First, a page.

Sunday, 4 September 2016

Rainham and not enough waders

Rainham's been raking in the waders lately, with both stints and Wood Sandpiper all seen in the last week or so. When I went there on Wednesday with Graham and Shane, we didn't have a lot of luck wader-wise but the usual late-summer Hobby-and-Migrant-Hawker-fest was in full swing, on a mostly sunny day.

We did the walk clockwise. Pretty much the first bird was this Stock Dove obligingly zooming past at close range.

There was little to see from Purfleet hide - vegetation in front of the windows was very tall and lush. We hung around long enough to unearth a couple of Snipes. On leaving the hide we just about got a look at a Kingfisher as it sped by.

There were a few Migrant Hawkers over the ditches, and an unseen Bearded Tit pinged from the reeds around the dragonfly pools. We spotted our first Hobby round here, and the Tower Butts hide provided good views of at least five Hobbies hawking over the marshes.

A male Migrant Hawker taking a rest from chasing and being chased.

The viewpoints over the pools on the return loop produced some waders - a couple of Ruffs and a few Black-tailed Godwits. Also more Little Egrets than I've ever seen here before, including a group of about a dozen all perched together.

A fine Wasp Spider near the Ken Barratt hide. As is usual with these spiders, her position low in the grass made it very difficult to photograph her properly.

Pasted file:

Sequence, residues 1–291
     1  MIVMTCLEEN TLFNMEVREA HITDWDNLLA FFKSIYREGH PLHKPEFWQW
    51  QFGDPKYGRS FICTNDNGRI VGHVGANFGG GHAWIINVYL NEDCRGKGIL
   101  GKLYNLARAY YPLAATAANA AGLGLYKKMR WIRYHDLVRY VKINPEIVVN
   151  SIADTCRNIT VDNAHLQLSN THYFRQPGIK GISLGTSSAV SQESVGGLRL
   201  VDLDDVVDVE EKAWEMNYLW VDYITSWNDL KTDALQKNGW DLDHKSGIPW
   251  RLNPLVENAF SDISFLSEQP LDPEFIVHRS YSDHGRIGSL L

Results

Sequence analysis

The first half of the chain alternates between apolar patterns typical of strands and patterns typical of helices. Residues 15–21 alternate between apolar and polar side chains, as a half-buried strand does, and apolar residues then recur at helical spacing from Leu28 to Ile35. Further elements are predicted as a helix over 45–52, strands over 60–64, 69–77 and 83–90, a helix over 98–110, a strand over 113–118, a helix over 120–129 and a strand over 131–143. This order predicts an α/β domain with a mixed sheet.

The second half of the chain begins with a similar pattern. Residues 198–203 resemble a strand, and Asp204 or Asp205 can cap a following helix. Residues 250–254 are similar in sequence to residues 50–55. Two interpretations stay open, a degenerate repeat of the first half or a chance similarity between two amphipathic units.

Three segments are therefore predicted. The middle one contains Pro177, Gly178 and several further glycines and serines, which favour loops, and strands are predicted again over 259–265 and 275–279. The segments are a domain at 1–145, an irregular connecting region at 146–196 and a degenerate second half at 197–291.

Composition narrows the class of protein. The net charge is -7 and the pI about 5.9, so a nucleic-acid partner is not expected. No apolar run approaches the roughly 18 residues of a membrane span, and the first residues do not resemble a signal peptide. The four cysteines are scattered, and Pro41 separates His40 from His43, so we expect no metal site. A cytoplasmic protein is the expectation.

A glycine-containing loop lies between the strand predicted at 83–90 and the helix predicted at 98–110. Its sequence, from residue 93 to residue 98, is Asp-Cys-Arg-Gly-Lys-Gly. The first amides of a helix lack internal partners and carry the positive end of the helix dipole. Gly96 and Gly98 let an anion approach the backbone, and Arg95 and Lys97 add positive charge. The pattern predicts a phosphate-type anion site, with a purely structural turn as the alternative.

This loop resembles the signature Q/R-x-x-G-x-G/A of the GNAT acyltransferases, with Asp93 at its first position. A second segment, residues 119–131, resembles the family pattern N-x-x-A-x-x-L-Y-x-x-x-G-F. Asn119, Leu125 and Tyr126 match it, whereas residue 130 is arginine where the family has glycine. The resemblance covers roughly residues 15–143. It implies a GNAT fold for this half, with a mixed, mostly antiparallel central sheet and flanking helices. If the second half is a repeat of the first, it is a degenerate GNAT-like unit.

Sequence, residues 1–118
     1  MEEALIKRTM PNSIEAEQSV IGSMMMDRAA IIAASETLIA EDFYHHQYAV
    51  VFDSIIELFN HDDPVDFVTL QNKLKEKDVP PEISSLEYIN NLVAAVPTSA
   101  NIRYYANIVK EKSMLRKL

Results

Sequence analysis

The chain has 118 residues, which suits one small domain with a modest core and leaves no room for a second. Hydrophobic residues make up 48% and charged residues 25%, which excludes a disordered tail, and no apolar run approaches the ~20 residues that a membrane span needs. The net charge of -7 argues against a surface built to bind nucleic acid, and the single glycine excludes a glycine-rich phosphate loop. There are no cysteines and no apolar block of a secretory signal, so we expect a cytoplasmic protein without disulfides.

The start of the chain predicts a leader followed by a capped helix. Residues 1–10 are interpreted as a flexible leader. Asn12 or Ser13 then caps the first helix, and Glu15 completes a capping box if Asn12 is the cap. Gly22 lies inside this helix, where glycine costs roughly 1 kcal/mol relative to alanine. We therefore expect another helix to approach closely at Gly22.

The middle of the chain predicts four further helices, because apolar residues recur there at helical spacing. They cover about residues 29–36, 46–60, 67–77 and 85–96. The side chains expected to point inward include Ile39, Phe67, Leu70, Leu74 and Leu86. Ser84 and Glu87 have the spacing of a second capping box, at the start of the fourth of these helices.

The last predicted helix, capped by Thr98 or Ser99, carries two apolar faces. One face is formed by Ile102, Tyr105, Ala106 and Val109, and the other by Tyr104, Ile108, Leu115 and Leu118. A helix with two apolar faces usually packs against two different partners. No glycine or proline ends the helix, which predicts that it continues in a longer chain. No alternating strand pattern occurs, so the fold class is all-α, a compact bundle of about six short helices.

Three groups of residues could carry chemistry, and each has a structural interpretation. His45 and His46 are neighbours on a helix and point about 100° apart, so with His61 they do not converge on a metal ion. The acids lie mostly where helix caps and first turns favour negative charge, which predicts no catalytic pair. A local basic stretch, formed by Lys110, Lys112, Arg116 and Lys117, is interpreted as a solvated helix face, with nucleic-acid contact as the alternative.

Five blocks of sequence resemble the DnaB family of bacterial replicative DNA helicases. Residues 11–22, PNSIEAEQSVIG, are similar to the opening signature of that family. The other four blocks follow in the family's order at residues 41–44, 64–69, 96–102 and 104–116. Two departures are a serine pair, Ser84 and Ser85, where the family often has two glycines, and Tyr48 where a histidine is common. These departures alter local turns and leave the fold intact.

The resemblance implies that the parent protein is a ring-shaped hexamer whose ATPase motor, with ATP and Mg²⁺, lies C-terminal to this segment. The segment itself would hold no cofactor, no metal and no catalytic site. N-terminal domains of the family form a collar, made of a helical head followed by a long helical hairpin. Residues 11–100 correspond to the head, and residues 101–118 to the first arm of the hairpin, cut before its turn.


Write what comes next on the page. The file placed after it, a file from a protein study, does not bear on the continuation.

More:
The Willow Emeralds are out but when we reached their spot it had become a bit cool and overcast, and we couldn't see any. We continued into the Cordite store and found insects aplenty here.

Female Common Darter, Green-veined White, and a Common Carder Bee having a spot of bother getting out of a Greater Bindweed flower.

On the way out of the Cordite store, Shane spotted this Hobby perched on a happily leafless side branch of a big Horse Chestnut tree, and it put up with us staring at it for some time before lifting off to get back to slaying dragons.

A nice male Holly Blue on the last bit of path... just before we found...

... this glorious male Southern Hawker, which was really mellow and let us approach closely for photos. What a stunner.

Ridiculous close-up of his lovely eyes.

We didn't go back to the visitor centre but on to the Purfleet hide to begin another mini-loop, pausing on the bridge to take bad photos of this Small Red-eyed Damselfly. 

The customary walk back along the riverbank didn't produce a lot, but we did add a couple more butterflies to the day list.

A Common Blue and a Small Heath. The sun was back out by this point, and shone on us all the way home.

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